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The calamitous oil rig disaster in the Gulf of Mexico on April 20th, 2010, is a stunning reminder of the safety and environmental risks associated with our energy systems.
It also highlights how important energy is to modern society as the world searches for energy in increasingly varied and remote places to meet our growing energy needs.
At the same time, energy consumption, which accounts for 84 percent of global carbon emissions, is threatening to irreversibly alter the earth’s climate, risking unprecedented economic, social and environmental hardship.
Countries around the world will require innovation in harnessing opportunities created in moving to safe and more sustainable extraction, production, transmission and uses of energy.
Transitioning to a lower-carbon economy will require a strategic examination of not only our consumption and production of hydrocarbons, but all our energy sources. All possible solutions need to be on the table.
As a major producer, exporter and consumer of energy, Canada cannot idly watch from the sidelines. There are just too many jobs, resources and wealth at stake. Canadians are amongst the world’s highest consumers of energy on a per capita basis in part because of the cold climate and the vastness of the country and there is little or no likelihood that our energy demands will diminish as we go forward.
On June 4th, 2009, the Standing Senate Committee on Energy, the Environment and Natural Resources undertook a comprehensive study to examine and report on the current and future state of Canada’s energy system.
Attention Canada! Preparing for our Energy Future is the committee’s first interim report and concludes phase I of our study. It represents the culmination of nearly nine months of study and research including testimony from Canada’s leading energy thinkers, research institutions and other stakeholders.
The message is clear: there is urgent need for a national discussion on energy. Canada requires a comprehensive Canadian Sustainable Energy Strategy now.
Groups such as the Energy Framework Initiative, the National Round Table on the Environment and the Economy, Public Policy Forum, Energy Policy Institute of Canada, Canadian Chamber of Commerce, Canada School of Energy and the Environment, the Canada West Foundation, the Pembina Institute and the Energy Council of Canada are working on and/or have raised the need for a common energy framework in order that federal, provincial and territorial governments and other stakeholders work together to better coordinate Canada’s future energy, economic and environmental policies so as to minimize risk and to take full advantage of opportunities of the new energy economy.
The report recognizes the importance of addressing climate change through carbon pricing and the need to improve the sustainable supply of existing and emerging sources of energy. It also discusses the importance of improving the ways we use and conserve energy as a means to address our energy and environmental challenges while also improving economic productivity.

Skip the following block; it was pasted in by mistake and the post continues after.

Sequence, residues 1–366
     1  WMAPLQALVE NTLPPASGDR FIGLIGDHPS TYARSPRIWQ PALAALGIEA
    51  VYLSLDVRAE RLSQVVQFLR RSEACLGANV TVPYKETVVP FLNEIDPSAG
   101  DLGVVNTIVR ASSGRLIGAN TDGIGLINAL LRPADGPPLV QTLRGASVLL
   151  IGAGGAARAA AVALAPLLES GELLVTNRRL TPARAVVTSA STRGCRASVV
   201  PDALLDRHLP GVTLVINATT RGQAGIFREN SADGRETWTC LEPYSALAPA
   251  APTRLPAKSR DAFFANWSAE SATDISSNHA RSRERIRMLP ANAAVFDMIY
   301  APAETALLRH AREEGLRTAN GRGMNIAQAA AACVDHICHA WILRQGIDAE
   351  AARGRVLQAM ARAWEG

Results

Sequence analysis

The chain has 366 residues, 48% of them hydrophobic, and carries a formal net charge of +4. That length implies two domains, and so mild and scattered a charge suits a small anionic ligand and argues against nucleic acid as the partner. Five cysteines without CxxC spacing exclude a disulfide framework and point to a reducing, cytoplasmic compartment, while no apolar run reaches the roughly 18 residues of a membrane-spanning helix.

This report recognizes the important economic relationship between Canada and the United States and the need to harmonize where practical our energy policy objectives for the benefit of both countries.
Canada’s electricity system is examined, including the potential for further provincial electricity market integration. This report examines items related to energy security, particularly with regard to maintaining and expanding Canada’s energy export markets.
The need to innovate and develop technologies that are in line with Canada’s competitive advantage is identified as a key issue in meeting Canada’s economic, energy and environmental objectives.
The report also identifies issues such as balancing the need for building new energy infrastructure while also addressing the environmental impact it may have on nearby communities. The need to implement effective and smarter regulatory frameworks is also explored.
The report concludes by encouraging the participation of all Canadians in a national energy discussion. To this end, the committee will be seeking views and opinions of Canadians in each region of the country over the coming year.
To facilitate this process, the committee has outlined key questions in how to move forward in developing a Canadian Sustainable Energy Strategy, which will help form the basis of recommendations in the committee’s final report expected June 2011.
This interim report is a work in progress. Therefore, it contains no recommendations. The report does not identify every issue. Rather, it represents a preliminary outline of the key issues to be considered in developing a Canadian sustainable energy policy framework for the future. Its purpose is to lay the groundwork for a national energy dialogue and to raise awareness amongst Canadians of the urgent need for a new and smarter energy strategy.